Kargil Vijay Diwas 2022: All you need to know about the Kargil War
- India and Pakistan fought the Kargil War between May and July, 1999
- The Indian Army launched ‘Operation Vijay’ to recapture strategic posts occupied by Pakistani forces
- The war ended with the 'Kargil Vijay Diwas' on July 26, 1999
July 26 is commemorated as ‘Kargil Vijay Diwas’ every year in order to pay homage to the sacrifices made by the heroes of the Indian Army to attain victory over Pakistan and recapture all Indian territories in the Dras sector of Jammu and Kashmir’s Kargil district. Tuesday marks the 23rd anniversary of the end of the Kargil War.
In the war, the Indian Army launched ‘Operation Vijay’ to recapture strategic posts that had been occupied by Pakistani forces, who trespassed across the Line of Control dressed as Kashmiri insurgents. The war was fought for 84 days from May 3 to July 26, with hundreds of soldiers dying on both sides.
Why was the war fought?
It started on May 2, 1999, when a local shepherd saw some men breaking stones and clearing the snow. He noticed that there were no footprints in the snow leading to spot where they were, making it obvious that they had come from the other side. He informed the Indian Army of the same, who soon learned of the Pakistani plot to capture strategic locations along the mountain ridges.
The intruders did not wear uniforms and instead were clad in Pathani outfit, with Pakistan later denying their involvement, claiming Kashmiri insurgents were responsible for the conflict. However, documents retrieved from the intruders proved they were Pakistan military personnel. They also gave medals to their soldiers for the conflict.
It is believed the entire operation was the brainchild of then-Pakistan army chief Pervez Musharraf, and that he orchestrated the conflict while keeping then-Prime Minister Nawaz Sharif in the dark.
How was the war fought?
There were three main phases of the Kargil War. The first being the intrusion by the Pakistan military personnel into Indian-controlled Kashmir and capturing of a number of key high points in the mountainous ridges.
The second phases includes India capturing a number of key transportation routes into the sectors with the Indian military pushing back the Pakistan forces back across the Line of Control in the third phase.
The Indian Air Force and Navy were involved in the warfare, launching ‘Operation White Sagar’ and ‘Opearation Talwar’ to bomb fortified enemy positions and blockade Pakistani ports respectively. The IAF had reportedly asked to bomb target in Pakistan as well, but the request was denied by then-Indian Prime Minister Atal Bihari Vajpayee.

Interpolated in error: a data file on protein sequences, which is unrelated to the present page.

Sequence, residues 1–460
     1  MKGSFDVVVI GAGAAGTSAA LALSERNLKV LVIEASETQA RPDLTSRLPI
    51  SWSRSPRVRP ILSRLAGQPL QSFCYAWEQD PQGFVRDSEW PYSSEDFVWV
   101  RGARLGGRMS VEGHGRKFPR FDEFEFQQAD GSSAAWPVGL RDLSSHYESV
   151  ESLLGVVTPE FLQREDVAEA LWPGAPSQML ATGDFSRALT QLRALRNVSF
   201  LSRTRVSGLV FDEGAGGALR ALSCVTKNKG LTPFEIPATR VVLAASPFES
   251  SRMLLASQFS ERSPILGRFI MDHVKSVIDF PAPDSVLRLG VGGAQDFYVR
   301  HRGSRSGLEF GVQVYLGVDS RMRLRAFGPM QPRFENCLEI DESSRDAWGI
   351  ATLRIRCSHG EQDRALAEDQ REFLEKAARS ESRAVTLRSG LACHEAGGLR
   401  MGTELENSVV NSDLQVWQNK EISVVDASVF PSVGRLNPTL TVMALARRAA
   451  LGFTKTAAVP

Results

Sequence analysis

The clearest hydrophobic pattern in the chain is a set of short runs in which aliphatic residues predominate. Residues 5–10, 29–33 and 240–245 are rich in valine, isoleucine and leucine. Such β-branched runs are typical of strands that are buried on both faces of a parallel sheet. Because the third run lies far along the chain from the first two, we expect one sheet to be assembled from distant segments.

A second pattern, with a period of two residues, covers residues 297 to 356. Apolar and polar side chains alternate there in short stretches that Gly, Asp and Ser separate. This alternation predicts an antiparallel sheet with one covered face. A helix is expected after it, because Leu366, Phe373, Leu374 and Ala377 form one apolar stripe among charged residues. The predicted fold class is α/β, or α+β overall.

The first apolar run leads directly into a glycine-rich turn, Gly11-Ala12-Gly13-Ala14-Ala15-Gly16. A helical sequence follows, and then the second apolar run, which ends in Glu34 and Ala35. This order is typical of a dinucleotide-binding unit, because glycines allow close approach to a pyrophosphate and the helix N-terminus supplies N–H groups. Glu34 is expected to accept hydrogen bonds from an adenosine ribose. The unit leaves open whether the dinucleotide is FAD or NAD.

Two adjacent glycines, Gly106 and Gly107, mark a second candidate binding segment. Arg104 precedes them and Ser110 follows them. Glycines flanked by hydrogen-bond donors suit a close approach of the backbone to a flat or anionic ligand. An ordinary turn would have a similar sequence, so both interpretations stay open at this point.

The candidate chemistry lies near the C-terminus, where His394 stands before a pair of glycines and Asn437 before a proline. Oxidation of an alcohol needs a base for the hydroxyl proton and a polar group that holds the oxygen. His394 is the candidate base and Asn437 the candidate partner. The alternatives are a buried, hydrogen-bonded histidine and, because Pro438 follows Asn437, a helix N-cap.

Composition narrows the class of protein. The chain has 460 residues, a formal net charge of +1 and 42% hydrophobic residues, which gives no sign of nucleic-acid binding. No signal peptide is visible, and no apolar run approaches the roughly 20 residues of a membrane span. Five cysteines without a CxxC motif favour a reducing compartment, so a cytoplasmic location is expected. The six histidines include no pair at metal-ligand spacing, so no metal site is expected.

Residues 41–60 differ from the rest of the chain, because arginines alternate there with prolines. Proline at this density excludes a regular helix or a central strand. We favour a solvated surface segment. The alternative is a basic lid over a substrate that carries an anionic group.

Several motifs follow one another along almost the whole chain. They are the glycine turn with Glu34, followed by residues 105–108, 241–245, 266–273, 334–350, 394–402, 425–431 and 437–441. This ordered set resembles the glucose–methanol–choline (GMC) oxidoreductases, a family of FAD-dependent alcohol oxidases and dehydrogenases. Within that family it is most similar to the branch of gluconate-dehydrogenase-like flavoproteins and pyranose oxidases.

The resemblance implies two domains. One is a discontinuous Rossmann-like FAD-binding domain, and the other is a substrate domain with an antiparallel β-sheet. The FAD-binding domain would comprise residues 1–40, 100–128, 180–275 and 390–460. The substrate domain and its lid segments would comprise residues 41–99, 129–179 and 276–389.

The conflict is an example of high-altitude warfare, with “furious artillery clashes, air battles and costly infantry assaults by Indian troops against well dug-in Pakistani forces” as noted by Bruce Riedel, a director in the former US president Bill Clinton’s administration, in an Indian Express article available in the MEA archives.
How many were killed in the war?
India suffered considerable losses in the war, with 527 soldiers killed and at least 1,363 suffering injuries. On the Pakistani side, it is estimated that somewhere between 357 and 453 soldiers were killed.
Four Param Vir Chakra and 11 Vir Chakra, India's highest and third-highest military decorations, were among the awards given to Indian soldiers following the war.
India increased its spending in the defence sector after the Kargil War. It also completely overhauled its intelligence setup and significantly decreased the average age of Armed Forces personnel, based on recommendations of the Kargil Review Committee (KRC).
The KRC had also recommended the creation of a new post – Chief of Defence Staff in 1999, and it was created in 2020 , with General Bipin Rawat taking over as the first CDS on January 1.
Additionally, the Defence Intelligence Agency (2002) and the National Technical Research Organisation (2004) were also created as reformative steps following the war.